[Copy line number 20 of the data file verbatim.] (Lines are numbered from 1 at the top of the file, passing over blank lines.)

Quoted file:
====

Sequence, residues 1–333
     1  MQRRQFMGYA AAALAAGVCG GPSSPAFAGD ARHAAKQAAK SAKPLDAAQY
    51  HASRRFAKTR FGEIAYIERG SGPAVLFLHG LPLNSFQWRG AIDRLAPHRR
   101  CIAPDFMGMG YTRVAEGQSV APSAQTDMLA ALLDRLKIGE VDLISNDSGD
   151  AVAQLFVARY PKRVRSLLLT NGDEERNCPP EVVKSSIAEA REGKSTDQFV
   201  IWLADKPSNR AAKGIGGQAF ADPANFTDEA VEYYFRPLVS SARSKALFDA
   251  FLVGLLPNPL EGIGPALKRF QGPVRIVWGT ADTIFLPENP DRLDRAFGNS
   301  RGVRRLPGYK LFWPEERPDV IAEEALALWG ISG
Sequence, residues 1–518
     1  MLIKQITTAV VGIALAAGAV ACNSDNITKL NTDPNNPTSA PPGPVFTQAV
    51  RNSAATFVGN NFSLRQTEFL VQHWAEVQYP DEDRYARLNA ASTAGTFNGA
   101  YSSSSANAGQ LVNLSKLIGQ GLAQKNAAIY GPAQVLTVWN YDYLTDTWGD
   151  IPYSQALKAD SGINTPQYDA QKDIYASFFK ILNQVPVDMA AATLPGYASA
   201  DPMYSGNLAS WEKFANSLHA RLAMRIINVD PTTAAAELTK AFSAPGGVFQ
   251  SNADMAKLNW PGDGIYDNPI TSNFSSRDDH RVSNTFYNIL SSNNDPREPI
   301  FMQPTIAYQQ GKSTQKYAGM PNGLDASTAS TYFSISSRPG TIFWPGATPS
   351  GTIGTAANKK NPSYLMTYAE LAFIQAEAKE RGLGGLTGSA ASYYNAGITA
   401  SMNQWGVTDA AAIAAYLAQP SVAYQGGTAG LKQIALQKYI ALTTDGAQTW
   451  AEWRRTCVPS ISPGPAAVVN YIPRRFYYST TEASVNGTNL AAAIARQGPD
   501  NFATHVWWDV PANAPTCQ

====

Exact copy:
   501  NFATHVWWDV PANAPTCQ